Economic Outlook – 19 October 2015


The decision as to whether interest rates should be hiked for the first time since 2006 will not be an easy task for the Fed, as data are not painting a clear picture. On the one hand, the headwinds from emerging markets are increasing, the dollar has appreciated markedly and the inflation rate is well below target. On the other hand, the domestic economy is robust and full employment has all but been achieved.

Hence, it does not really come as surprise that there are conflicting opinions among the leading policymakers. Normally, such differences are largely waged in public only by the twelve regional Fed presidents. But this time, the inner leadership circle comprised of the Federal Reserve Board, seems also to be deeply divided, as suggested by a speech by Lael Brainard, who joined the Federal Reserve Board in 2014. According to Brainard, the risks for the US economy are currently tilted to the downside, largely driven by “progressively gloomier projections of global demand”.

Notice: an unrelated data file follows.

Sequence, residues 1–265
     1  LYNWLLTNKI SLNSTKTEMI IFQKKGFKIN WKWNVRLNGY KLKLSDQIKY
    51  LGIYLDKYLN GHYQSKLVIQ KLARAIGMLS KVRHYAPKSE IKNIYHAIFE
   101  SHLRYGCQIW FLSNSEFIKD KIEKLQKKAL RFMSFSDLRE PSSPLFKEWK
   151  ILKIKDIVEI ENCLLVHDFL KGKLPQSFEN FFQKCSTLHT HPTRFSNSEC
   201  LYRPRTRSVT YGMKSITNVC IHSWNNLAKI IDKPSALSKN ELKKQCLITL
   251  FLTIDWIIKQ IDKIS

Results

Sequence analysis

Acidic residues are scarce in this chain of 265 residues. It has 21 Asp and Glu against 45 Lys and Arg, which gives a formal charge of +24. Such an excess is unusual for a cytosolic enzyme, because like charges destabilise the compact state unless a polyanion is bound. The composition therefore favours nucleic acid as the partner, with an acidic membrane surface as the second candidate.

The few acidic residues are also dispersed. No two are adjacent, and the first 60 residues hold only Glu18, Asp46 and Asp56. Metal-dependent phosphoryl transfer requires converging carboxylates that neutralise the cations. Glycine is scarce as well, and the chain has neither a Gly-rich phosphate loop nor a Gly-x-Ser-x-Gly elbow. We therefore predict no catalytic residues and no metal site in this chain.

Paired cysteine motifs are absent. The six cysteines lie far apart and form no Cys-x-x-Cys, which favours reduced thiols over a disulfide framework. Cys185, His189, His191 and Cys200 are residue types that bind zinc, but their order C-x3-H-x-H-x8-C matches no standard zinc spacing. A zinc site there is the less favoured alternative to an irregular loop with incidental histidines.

She argued that this is already weighing on financial markets, stating that the effect of a sharp increase in the dollar has been equivalent to a couple of rate hikes. Moreover, she raised serious doubts whether the improvement in the labour market is sufficient for the desired increase in inflation. Against this backdrop, she advised the Fed not to raise rates in 2015. Daniel Tarullo, another member of the Board, took the same view.

What makes these statements extraordinary is that both Chair of the Board Yellen and Vice Chair Fischer held speeches in recent weeks that placed them in the camp of officials who favour raising rates in 2015. Normally, the members of the central board (which by statute consists of seven of the twelve voting members on the Federal Open Market Committee) take a unanimous position which is determined by the Chair of the Federal Reserve Board. If the majority within the FOMC decided to hike rates at one of the two forthcoming meetings, two of the Board members might vote against Yellen, which would be extremely unusual.